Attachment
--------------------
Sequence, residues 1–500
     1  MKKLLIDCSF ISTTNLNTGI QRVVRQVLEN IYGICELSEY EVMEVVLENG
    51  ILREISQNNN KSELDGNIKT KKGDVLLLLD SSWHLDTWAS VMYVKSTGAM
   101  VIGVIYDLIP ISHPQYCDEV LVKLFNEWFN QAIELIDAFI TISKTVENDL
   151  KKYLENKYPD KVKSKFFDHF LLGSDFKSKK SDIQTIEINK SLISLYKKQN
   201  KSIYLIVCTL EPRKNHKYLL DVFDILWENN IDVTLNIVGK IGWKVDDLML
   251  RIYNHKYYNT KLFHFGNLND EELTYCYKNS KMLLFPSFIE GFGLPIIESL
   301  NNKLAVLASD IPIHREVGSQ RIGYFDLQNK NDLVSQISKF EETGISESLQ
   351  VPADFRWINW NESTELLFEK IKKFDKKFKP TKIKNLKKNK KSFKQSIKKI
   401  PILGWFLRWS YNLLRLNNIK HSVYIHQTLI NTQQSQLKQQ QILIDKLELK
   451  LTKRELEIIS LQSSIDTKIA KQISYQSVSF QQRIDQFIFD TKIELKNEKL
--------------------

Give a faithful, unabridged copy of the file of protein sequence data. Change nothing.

Sequence, residues 1–500
     1  MKKLLIDCSF ISTTNLNTGI QRVVRQVLEN IYGICELSEY EVMEVVLENG
    51  ILREISQNNN KSELDGNIKT KKGDVLLLLD SSWHLDTWAS VMYVKSTGAM
   101  VIGVIYDLIP ISHPQYCDEV LVKLFNEWFN QAIELIDAFI TISKTVENDL
   151  KKYLENKYPD KVKSKFFDHF LLGSDFKSKK SDIQTIEINK SLISLYKKQN
   201  KSIYLIVCTL EPRKNHKYLL DVFDILWENN IDVTLNIVGK IGWKVDDLML
   251  RIYNHKYYNT KLFHFGNLND EELTYCYKNS KMLLFPSFIE GFGLPIIESL
   301  NNKLAVLASD IPIHREVGSQ RIGYFDLQNK NDLVSQISKF EETGISESLQ
   351  VPADFRWINW NESTELLFEK IKKFDKKFKP TKIKNLKKNK KSFKQSIKKI
   401  PILGWFLRWS YNLLRLNNIK HSVYIHQTLI NTQQSQLKQQ QILIDKLELK
   451  LTKRELEIIS LQSSIDTKIA KQISYQSVSF QQRIDQFIFD TKIELKNEKL